Currently, engineering education programs in every country prepare students for careers in the culture of the home country, and the US is no exception. At the same time virtually all engineers agree that engineering in the 21st century is global. All engineering students graduating today will work globally, even if they do not believe so at the moment, and hence that it is important to prepare students graduating today for global engagement and the mindset to work anywhere in the world in the 21st Century.  

Engineering schools around the nation and the world, and even K-12 programs have adopted the NAE Grand Challenges to inspire practical projects for their students. The GCSP was proposed at the inaugural Summit on the NAE Grand Challenges for Engineering at Duke University, by the deans of the three founding GCSP schools Duke, Olin and USC. In 2009, the NAE moved to endorse this definition of a new engineering education supplement to any engineering program that adds global awareness and social skills with a focus on the Grand Challenges to broaden the reach of undergraduate study in engineering to the global community. This educational supplement is called the Grand Challenges Scholars Program (GCSP).

In this GCSP, the NAE does not dictate an engineering curriculum to any university. The GCSP simply identifies five competencies that a student must achieve to prepare them to address the Grand Challenges for Engineering found globally. Each adopting university defines its supplemental approach to educating its students about each of the five competencies during its undergraduate engineering degree program framework. In brief, the five student competencies in the GCSP are:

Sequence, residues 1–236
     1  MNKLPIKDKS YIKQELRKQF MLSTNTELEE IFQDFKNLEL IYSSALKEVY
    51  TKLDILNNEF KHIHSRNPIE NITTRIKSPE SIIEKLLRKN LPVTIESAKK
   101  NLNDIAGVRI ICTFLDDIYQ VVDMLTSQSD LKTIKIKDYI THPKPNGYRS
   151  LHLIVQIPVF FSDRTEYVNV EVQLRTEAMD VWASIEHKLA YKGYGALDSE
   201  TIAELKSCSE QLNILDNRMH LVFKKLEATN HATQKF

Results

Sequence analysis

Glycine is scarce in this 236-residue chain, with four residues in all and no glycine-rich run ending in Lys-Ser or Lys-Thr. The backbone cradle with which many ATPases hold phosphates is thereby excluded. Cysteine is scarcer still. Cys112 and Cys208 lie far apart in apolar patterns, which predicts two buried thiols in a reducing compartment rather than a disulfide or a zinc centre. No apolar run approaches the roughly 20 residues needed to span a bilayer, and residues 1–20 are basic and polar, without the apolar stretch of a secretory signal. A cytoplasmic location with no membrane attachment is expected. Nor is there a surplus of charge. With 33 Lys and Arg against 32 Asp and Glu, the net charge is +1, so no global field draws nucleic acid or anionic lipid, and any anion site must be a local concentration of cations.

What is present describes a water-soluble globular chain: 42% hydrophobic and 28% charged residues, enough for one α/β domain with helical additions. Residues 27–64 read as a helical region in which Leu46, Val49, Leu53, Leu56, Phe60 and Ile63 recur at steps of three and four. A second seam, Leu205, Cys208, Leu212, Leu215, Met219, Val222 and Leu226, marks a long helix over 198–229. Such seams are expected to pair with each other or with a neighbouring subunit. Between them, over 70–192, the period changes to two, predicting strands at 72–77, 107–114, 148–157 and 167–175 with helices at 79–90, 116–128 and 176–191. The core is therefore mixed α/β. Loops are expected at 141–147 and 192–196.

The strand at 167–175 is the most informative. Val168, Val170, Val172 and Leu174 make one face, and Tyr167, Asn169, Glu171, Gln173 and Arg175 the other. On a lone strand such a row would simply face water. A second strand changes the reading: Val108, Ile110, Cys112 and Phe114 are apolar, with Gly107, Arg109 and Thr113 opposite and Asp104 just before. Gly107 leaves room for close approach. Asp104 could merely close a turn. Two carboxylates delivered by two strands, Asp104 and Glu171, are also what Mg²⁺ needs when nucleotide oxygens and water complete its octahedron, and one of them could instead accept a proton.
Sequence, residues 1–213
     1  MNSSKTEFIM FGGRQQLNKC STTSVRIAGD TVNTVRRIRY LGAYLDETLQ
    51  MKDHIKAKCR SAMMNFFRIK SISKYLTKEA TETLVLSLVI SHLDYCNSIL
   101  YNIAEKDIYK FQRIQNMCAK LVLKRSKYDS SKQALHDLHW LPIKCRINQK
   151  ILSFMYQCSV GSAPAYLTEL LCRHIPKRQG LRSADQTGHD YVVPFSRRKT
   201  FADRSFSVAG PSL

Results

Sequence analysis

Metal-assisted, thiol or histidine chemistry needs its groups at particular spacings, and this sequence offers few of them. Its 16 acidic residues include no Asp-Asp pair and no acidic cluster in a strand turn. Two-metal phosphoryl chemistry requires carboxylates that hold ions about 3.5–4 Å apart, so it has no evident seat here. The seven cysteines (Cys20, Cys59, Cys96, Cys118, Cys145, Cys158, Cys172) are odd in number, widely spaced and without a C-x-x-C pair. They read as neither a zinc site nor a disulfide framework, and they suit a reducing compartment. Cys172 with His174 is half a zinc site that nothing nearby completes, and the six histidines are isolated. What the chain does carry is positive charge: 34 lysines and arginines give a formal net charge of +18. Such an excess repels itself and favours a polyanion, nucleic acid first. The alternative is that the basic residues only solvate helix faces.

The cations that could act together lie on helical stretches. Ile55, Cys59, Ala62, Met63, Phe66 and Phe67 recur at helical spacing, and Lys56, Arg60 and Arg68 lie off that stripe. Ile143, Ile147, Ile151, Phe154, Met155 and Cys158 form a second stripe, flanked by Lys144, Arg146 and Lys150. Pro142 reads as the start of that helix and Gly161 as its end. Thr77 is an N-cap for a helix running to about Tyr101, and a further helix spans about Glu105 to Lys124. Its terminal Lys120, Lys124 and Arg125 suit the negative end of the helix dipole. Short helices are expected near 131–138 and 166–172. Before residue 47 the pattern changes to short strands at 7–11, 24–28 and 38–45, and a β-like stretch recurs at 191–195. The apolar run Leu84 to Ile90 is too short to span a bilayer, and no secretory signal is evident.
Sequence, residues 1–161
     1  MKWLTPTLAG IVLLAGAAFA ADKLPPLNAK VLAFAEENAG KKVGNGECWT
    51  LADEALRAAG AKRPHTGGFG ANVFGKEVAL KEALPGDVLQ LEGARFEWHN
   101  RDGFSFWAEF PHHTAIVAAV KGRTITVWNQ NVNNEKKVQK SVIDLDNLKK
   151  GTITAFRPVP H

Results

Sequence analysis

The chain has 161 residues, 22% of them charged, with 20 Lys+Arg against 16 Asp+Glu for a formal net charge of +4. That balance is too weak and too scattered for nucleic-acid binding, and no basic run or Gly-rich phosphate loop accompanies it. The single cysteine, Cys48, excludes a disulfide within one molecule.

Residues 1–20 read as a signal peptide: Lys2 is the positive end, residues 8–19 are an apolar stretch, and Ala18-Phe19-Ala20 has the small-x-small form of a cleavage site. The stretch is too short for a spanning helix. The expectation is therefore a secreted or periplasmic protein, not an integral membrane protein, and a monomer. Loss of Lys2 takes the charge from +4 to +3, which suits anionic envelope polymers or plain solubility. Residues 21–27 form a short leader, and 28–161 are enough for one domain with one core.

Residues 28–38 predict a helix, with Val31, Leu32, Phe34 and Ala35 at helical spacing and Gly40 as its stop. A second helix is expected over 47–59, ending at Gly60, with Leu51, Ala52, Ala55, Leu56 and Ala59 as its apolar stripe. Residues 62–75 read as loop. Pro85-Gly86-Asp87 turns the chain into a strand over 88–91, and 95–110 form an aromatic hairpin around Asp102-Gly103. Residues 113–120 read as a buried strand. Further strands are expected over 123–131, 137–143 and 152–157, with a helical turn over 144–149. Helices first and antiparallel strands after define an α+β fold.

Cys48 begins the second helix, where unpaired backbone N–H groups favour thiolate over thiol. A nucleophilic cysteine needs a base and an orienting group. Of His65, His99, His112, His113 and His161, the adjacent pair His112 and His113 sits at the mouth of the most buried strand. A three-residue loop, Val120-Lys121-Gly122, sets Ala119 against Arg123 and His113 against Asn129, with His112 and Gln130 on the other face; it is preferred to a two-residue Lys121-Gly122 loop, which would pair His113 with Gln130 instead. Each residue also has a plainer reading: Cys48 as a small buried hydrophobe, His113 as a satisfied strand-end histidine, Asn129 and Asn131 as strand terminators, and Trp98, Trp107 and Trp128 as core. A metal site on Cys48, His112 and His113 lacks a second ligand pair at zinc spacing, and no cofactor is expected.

1. Talent Competency: mentored research/creative experience on a Grand Challenge-like topic
  2. Multidisciplinary Competency: understanding multidisciplinarity of engineering systems solutions developed through personal engagement
  3. Viable Business/Entrepreneurship Competency: understanding, preferably developed through experience, of the necessity of a viable business model for solution implementation
  4. Multicultural Competency: understanding different cultures, preferably through multicultural experiences, to ensure cultural acceptance of proposed engineering solutions
  5. Social Consciousness Competency: understanding that the engineering solutions should primarily serve people and society reflecting social consciousness


Addressing any of the Grand Challenges naturally spans multiple disciplines, and because Grand Challenge problem solutions are implemented in different parts of the world, students are prepared to think in international terms, and to develop globally relevant perspectives and skills. Anecdotally, the GCSP attracts students because it prepares them for real and urgent problems that need solutions; it is a basis for realistic experiments, homework and problem challenges in the field during their undergraduate years; and it offers a clear view to future jobs that matter and the opportunities in engineering that await them.

For the GCSP to be implemented at a university, the program must serve two masters: the student and the local university. It must be clear and focused on the value for the student. For the university, it must not impose added administrative requirements affecting its engineering program. Each university must have the autonomy to create its supplemental GCSP using its strengths and resources to instill the five competencies. Basing each program on student achievement in the five student competencies only while not altering the existing engineering program is the critical feature that allows program acceptance by both students and universities anywhere in the world.